KZN Education confident about allocations for learning and teaching support materials for 2024

KZN Education MEC Mbali Frazer. Picture: Doctor Ngcobo

KZN Education MEC Mbali Frazer. Picture: Doctor Ngcobo

Published Dec 29, 2023


Durban — With the 2023 academic year being wrapped up, the provincial Department of Education says it is confident that it will be ready for the following academic year.

The department’s media relations manager, Sihle Mlotshwa, said funds were allocated to S21 C schools for the purchase of textbooks and stationery for 2024. Mlotshwa said schools were asked to indicate prospective order values, and funds were prioritised in terms of these inputs.

“We are confident that all teaching and learning will commence from the first day of the school calendar.”

He said that although funds were made available on November 30, the department had ensured that all procurement processes were completed by schools well before then.

“The department also issued directives for all orders to be placed with schools’ service providers and expect that all deliveries have been made to schools. The transfer of funds merely deals with settlement of accounts for goods already delivered,” he said.

KZN secretary for the South African Democratic Teachers Union (Sadtu) Nomarashiya Caluza. Picture: Bongani Mbatha Independent Newspapers

Provincial secretary for the South African Democratic Teachers Union (Sadtu) Nomarashiya Caluza said that they envisioned a situation that was different from this current academic year.

“This year schools did not receive their allocations on time, such that it was only after the march we had in October that some payments were made. As for Sec 21 schools, the department must stop the unilateral decision of wanting to take away function C which allows schools to buy for themselves using money given to them by the department.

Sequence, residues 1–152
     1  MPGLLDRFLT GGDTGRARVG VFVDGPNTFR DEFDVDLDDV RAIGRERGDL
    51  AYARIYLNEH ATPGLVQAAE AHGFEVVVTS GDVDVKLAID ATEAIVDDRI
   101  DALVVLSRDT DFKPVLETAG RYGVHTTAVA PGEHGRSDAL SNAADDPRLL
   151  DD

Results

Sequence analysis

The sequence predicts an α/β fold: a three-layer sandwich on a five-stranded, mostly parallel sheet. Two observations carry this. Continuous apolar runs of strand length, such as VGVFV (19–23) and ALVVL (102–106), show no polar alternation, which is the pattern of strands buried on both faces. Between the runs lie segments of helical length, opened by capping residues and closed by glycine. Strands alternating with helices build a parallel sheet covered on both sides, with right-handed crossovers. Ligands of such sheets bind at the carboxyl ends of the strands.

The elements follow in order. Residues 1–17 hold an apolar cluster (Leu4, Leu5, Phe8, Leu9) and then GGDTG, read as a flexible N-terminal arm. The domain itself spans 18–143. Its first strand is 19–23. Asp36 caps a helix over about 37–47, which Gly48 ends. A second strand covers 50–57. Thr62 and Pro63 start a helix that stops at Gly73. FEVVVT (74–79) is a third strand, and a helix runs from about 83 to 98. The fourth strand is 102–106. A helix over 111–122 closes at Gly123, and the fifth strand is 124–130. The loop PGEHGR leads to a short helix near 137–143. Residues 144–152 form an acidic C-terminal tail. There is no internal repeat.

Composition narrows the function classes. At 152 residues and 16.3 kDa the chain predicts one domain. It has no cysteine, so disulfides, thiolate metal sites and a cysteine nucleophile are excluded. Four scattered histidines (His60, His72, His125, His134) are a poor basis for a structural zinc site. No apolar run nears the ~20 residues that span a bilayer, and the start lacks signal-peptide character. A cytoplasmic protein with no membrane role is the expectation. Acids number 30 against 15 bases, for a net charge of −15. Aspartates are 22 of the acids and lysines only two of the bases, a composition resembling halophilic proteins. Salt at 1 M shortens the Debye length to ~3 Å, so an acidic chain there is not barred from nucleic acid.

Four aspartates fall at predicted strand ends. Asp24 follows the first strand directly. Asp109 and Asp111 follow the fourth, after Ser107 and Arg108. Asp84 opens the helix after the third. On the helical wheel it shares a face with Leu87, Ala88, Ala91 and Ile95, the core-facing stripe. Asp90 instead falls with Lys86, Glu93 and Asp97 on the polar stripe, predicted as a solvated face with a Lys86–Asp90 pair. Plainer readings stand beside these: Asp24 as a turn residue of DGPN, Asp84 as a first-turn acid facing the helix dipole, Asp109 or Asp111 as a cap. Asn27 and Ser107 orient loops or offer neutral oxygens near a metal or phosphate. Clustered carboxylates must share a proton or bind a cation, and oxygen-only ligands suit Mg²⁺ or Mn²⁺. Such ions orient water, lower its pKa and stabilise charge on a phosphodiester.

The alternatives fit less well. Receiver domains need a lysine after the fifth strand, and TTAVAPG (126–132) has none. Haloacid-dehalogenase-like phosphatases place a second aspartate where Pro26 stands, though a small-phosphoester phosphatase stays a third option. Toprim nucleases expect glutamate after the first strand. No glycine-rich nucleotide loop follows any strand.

“Even this year, for 2024, we see that there are schools that the department is deliberately delaying payments/allocations.

“Some schools have not received the outstanding allocation, and even though the department told principals of such schools to put orders with their providers, principals are now scared because of the failures of the department which has caused them to be faced with angry providers,” she said.

Caluza said that the department ought to prioritise the activities of the classroom regarding teaching and learning, including the availability of teachers.

She further called on the department to devise new methods of dealing with crime in schools.

Vee Gani, chairperson of the Parents Association in KwaZulu-Natal, said he was sceptical about the department’s claim.

“I do not believe they are referring to all schools. There are a number of schools that have not received their allocations, while some received part of their allocations. Our concern is that when school starts next year, they must be in a position to kick off on the first day.”

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